I was born hard-of-hearing and when I was about 5 an attentive GP discovered my hearing loss by crunching paper by my left and then my right ear. I turned to the sound on my left ear but I didn’t on the other side. This discovery gave rise to a number of tests and along the way, it was discovered that I also had a slight discolouration (sort of a salt-and-pepper pattern) on the backs of my eyes. The eye doctor that discovered this was extremely alarmed and told my parents that they should watch me very closely as I would start to deteriorate into an Alzheimer-like state in the next 5 to 10 days and that in a year I would be dead. That was 45 years ago. Clearly, he was wrong but I imagine he gave my parents a few grey hairs along the way! However, every eye doctor I have had since has mentioned/commented on this colouring and I’ve learned to preempt their questions by telling them about this before the test begins.
Eventually everyone figured out that the damage to my hearing (and my eyes) could all be attributed to my mother having had a very mild episode of Rubella while she was pregnant, and everyone settled down. My hearing loss, luckily, never interfered too much with my ability to discriminate speech, although I have really never paid attention to any input coming from my “bad” ear.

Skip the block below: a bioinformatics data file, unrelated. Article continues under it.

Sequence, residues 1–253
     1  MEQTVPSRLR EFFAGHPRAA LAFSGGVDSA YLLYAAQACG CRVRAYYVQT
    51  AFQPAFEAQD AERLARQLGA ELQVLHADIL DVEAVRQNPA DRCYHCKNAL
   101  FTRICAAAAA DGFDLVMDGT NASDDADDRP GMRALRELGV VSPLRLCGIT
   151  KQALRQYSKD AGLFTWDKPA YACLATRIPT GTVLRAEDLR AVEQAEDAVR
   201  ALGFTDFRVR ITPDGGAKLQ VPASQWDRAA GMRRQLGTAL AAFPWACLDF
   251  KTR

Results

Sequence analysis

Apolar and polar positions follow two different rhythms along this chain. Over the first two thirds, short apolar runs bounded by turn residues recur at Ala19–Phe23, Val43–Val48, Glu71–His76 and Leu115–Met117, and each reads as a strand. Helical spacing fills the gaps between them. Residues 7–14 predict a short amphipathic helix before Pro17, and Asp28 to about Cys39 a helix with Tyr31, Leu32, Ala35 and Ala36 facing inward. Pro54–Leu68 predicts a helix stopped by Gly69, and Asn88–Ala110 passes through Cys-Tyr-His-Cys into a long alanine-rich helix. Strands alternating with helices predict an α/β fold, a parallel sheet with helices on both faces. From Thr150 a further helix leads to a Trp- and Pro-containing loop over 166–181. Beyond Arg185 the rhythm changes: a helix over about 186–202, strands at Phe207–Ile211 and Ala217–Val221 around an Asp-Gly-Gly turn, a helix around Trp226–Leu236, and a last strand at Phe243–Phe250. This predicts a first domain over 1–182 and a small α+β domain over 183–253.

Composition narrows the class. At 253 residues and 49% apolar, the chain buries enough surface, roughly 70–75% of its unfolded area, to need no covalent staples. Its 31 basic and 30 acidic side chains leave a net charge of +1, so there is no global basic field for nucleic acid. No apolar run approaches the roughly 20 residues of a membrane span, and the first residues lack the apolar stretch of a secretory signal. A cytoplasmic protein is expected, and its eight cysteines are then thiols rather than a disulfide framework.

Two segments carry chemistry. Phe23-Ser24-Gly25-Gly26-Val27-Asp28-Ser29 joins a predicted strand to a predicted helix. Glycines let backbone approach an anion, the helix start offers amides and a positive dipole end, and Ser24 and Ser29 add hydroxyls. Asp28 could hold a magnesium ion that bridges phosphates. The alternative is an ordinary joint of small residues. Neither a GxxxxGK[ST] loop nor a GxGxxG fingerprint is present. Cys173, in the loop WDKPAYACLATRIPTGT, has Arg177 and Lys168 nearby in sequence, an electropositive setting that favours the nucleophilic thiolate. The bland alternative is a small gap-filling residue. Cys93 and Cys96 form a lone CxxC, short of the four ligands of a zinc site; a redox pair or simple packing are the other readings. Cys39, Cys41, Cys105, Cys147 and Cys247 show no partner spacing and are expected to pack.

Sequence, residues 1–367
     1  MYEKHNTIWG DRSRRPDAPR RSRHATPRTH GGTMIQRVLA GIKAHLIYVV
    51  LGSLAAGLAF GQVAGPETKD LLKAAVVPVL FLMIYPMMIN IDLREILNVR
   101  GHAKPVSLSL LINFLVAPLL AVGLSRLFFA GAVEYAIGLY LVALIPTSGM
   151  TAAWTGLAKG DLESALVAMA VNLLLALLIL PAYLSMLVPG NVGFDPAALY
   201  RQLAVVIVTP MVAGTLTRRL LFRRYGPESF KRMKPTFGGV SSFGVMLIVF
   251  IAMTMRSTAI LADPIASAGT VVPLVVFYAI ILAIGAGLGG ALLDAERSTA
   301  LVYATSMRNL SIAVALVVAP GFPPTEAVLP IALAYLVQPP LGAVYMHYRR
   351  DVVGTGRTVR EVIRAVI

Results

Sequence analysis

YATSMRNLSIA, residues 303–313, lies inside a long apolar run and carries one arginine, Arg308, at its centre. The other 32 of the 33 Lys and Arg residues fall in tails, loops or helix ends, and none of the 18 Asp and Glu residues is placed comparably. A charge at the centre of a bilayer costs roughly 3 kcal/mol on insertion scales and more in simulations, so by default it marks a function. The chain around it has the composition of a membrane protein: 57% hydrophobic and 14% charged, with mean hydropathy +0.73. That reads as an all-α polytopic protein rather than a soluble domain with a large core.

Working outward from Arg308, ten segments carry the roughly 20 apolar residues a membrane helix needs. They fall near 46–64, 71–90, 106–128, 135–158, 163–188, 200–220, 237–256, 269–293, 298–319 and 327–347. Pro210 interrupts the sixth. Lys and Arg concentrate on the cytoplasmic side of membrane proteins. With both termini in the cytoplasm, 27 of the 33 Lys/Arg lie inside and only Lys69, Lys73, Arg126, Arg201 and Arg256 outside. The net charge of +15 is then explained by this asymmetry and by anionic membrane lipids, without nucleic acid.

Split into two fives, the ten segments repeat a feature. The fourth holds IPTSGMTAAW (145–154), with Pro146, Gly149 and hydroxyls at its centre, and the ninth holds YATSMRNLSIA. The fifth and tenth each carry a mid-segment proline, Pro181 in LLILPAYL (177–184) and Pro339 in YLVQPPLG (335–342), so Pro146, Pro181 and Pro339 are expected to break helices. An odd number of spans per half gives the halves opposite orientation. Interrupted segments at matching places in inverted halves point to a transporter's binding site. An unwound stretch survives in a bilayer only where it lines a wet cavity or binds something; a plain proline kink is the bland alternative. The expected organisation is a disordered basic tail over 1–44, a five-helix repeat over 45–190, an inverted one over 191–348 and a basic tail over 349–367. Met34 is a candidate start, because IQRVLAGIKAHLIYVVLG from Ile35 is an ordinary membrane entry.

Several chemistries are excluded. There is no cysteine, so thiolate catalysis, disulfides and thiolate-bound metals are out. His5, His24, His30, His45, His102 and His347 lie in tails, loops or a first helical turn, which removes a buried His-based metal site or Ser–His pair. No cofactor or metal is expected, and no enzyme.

How does all this connect with tinnitus you might be asking? Well I suffer from this malady although (again) my suffering isn’t nearly as acute as that of others I know. However the odd thing for me, when I get it, is that it is almost always in my deaf ear. The sensation is almost indescribable … how does one explain what the feeling of “hearing” something feels like in an ear that doesn’t hear? Could it be compared to the phantom limb experiences amputees suffer? Regardless, the mere occasion of it happening causes several spin-off sensations: dizziness, a feeling of vertigo and a sense that my world has suddenly turned inside-out. All these feelings are brief, but consistent, and I can never predict when it will happen or what triggers it.
Bodies – my sweetie sometimes uses the term wetware – are strange things. The fact that we all work as well as we do most of the time is amazing.
So I had occasion recently to take one of my dogs to the vet and when I came home and told my significant other how much it cost he shrieked “But that is equivalent to three lift tickets!”. Which made me think. Which is more important, the health of our beloved family pet or the potential (as yet unrealized) ability to ski? Gentle readers weigh in!